One Thing About …

What ignites your passion, feeds your frustration, or impresses you with its beauty or power? What is the “one thing” you want to tell someone, not trained in statistics or data science but interested, about statistics? These are the questions to be answered by this new column, “One thing about…,” which will invite contributors to share their unique perspectives on statistics and data science.

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We will ask potential contributors to consider these questions as they develop their content:

• Is there any way this topic might connect to the lives of non-statisticians? Are there any real-life examples of this statistical or data science “thing” in action? Can we connect this topic to anything people in the public would be familiar with?

• Is there a statistical nugget that non-statisticians might have heard about and always been curious about? Could you imagine saying, “Have you ever wondered why/how/if…”?

• Is there an angle that non-statisticians might find surprising? Is there something that might contradict their prior expectations about the topic? Could you imagine saying, “I bet you didn’t know that…”? For example, people might be surprised to learn that the hot-hand phenomenon is not as simple as it sounds, or that the law of averages is a myth.

In this column, we want to introduce topics (“the one thing”) that both spark curiosity and have the potential to affect daily life. We want the writing to be understandable to someone who may not have taken a statistics class, at least not recently.

In summary, the vision of the ASA asks us to imagine a world that relies on data and statistical thinking to drive discovery and inform decisions. This column will explore topics that, if ignored or misunderstood, will lead to conclusions that are not informed by data and statistical thinking.

“My one thing…”

For the inaugural column, here is my “one thing.”

In the ancient past (also known as “my college days”), the band Blondie had a single—”I know, but I don’t know”—that might be a contender for the statistician’s anthem.

Blondie’s lyrics strike a chord in us, and not just from my off-key car singalong. We prefer certainty. We ask questions of the universe and want definite answers. “Will I need an umbrella today? Can this medicine lower my cholesterol levels? Is it safe for me to take up my dream hobby of knife-juggling while sky-diving?” Frustratingly, life does not present itself in certain terms. “Maybe” and “it depends” are often more accurate answers than “yes” or “no.” They are also far less satisfying.

If I could communicate just one thing about statistics, it would be this: Statistics does not magically get rid of all the uncertainty of life. But it helps us know how certain we reasonably can be.

Statistics does this in two ways: (1) makes answers less uncertain by considering factors that add confusion and (2) gives us a measure of how well we know what we don’t know by providing an entire range of values that are plausible.

For instance, without using statistical methods, we would be limited to asserting that a medicine was effective for most people who participated in a test of that medicine. We would have no basis for concluding how well it would work for anyone else.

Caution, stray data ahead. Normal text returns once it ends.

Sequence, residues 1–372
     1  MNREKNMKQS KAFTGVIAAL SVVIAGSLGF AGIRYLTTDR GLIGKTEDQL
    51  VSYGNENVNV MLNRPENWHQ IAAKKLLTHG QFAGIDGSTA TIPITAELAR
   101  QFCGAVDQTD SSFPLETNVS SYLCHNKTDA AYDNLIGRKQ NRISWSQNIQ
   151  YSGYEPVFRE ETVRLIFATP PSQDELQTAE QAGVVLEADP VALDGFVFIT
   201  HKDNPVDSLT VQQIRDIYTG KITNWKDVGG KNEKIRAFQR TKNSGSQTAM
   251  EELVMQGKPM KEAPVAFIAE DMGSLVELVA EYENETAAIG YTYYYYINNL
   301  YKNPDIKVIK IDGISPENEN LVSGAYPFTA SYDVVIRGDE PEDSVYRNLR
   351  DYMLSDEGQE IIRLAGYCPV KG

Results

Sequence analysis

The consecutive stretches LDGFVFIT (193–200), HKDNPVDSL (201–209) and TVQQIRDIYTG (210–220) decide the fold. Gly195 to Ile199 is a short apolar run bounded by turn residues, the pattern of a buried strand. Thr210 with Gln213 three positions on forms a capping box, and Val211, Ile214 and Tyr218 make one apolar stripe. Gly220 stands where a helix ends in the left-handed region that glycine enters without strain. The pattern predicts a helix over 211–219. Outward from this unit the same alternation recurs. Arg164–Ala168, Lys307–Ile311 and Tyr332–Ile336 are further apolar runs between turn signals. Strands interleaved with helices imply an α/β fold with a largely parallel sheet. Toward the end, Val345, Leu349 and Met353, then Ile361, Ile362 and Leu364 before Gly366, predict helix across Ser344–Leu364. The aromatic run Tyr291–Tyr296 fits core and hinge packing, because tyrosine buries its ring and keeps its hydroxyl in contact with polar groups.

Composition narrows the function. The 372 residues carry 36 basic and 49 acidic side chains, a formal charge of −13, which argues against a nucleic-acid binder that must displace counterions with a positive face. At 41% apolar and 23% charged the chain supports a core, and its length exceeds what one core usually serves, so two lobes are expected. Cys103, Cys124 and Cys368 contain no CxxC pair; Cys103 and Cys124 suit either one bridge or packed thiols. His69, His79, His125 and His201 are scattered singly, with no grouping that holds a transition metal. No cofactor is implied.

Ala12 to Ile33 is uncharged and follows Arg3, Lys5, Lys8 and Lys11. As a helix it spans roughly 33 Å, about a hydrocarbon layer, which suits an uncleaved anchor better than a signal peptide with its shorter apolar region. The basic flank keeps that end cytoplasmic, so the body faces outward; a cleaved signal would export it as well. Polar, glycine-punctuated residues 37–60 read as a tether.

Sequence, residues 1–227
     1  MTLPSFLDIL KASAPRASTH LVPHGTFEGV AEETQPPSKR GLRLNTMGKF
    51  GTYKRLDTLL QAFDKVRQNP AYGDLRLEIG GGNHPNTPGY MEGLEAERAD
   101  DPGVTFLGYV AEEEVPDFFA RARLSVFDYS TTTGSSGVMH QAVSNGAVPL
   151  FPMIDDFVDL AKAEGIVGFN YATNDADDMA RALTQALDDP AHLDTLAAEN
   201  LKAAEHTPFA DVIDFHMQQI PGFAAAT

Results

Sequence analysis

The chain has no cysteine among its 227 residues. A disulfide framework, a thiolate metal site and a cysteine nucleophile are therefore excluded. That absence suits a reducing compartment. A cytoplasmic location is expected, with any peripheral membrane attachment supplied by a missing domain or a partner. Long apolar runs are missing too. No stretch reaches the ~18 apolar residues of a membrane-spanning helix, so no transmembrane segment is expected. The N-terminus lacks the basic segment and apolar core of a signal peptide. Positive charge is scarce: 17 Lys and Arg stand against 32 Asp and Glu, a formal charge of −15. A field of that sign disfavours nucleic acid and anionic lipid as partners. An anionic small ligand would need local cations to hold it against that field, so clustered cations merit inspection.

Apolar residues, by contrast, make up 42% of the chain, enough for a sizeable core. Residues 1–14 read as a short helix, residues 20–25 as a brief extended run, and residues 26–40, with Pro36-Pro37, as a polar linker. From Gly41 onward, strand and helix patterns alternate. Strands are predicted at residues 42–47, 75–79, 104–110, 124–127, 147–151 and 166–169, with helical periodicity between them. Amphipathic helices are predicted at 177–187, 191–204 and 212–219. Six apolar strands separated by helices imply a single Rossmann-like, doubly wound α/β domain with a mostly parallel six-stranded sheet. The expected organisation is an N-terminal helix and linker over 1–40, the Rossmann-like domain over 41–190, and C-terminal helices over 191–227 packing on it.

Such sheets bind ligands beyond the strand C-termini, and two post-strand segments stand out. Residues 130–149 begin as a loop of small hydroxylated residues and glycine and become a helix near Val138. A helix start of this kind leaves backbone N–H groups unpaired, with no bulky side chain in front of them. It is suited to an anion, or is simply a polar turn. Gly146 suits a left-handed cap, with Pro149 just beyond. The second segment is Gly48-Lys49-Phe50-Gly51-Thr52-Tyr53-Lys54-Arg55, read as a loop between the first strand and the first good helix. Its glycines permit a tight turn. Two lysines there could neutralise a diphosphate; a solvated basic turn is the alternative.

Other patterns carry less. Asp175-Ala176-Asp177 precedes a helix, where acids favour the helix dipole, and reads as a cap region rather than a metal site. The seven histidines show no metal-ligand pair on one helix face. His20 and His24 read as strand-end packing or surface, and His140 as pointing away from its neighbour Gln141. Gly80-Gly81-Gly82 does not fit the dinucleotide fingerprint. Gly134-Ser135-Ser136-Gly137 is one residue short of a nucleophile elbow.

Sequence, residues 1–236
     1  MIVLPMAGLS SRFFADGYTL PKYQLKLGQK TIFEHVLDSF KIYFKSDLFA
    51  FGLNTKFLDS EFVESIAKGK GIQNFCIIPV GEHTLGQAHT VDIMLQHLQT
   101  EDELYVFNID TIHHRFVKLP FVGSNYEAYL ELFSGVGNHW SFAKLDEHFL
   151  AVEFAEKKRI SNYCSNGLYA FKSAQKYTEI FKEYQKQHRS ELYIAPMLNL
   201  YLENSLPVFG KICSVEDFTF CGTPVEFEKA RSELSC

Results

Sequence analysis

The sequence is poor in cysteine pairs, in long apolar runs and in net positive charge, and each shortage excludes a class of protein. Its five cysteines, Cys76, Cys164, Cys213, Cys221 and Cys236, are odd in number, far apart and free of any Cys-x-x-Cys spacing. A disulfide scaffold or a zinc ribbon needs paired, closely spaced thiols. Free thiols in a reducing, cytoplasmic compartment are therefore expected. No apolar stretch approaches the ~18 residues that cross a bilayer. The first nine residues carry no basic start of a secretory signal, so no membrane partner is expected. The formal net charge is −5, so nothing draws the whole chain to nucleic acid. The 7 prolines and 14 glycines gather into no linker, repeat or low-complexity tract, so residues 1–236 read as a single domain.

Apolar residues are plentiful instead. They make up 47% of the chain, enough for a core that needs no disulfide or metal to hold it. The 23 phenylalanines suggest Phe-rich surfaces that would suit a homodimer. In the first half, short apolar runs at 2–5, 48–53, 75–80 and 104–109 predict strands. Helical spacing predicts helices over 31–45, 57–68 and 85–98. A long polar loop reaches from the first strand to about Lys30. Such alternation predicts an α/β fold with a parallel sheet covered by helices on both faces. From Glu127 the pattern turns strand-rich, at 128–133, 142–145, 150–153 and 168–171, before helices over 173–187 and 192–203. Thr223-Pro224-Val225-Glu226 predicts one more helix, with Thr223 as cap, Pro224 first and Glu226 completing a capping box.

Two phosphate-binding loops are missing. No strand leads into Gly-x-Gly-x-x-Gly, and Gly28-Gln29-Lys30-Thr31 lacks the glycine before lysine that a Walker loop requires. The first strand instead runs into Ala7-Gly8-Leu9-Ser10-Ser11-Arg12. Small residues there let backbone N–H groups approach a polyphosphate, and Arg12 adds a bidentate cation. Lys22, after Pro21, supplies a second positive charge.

That’s useless information. However, a test designed and analyzed using appropriate statistical techniques provides a highly useful estimate of what we want to know: how well the medicine will work for the rest of us who might need it. We go from maximum uncertainty—knowing nothing of value about the effectiveness of the medicine—to a much clearer picture. Uncertainty remains, since we still don’t know precisely how effective it will be for each person, but there is much less of it.

In an uncertain world, statistical methods are ever more important. While statistics doesn’t eliminate the uncertainty, it helps us reduce it and communicate it, so: Sorry, Blondie. It is not a complete mystery. Thanks to statistics, we have a key that will at least unlock the door, giving us a clearer view of the world even amid the uncertainty of everyday life.

What isn’t uncertain is that we want this column to feature diverse voices and topics. If you are interested in sharing your one thing or if there is a topic you would like to see featured, contact us. This is your chance to share that one thing.

About the Author

Ronald L. (Ron) Wasserstein is the executive director of the American Statistical Association (ASA). Wasserstein assumed the ASA’s top staff leadership post in August 2007. In this role, Wasserstein provides executive leadership and management for the association and is responsible for ensuring that the ASA fulfills its mission to promote the practice and profession of statistics.

Before joining the ASA, Wasserstein was a mathematics and statistics department faculty member and administrator at Washburn University from 1984–2007. During his last seven years at the school, he served as vice president for academic affairs.

Wasserstein is a longtime member of the ASA, having joined the association in 1983, and has been active as a volunteer in the ASA for more than 20 years. He twice served as president of the Kansas-Western Missouri Chapter of the ASA and served as chair of two ASA sections: Statistical Education and Statistical Consulting. He also chaired the Council of Chapters Governing Board in 2006 and was a member of the ASA Board of Directors from 2001–2003. Wasserstein is a Fellow of the ASA and the American Association for the Advancement of Science.

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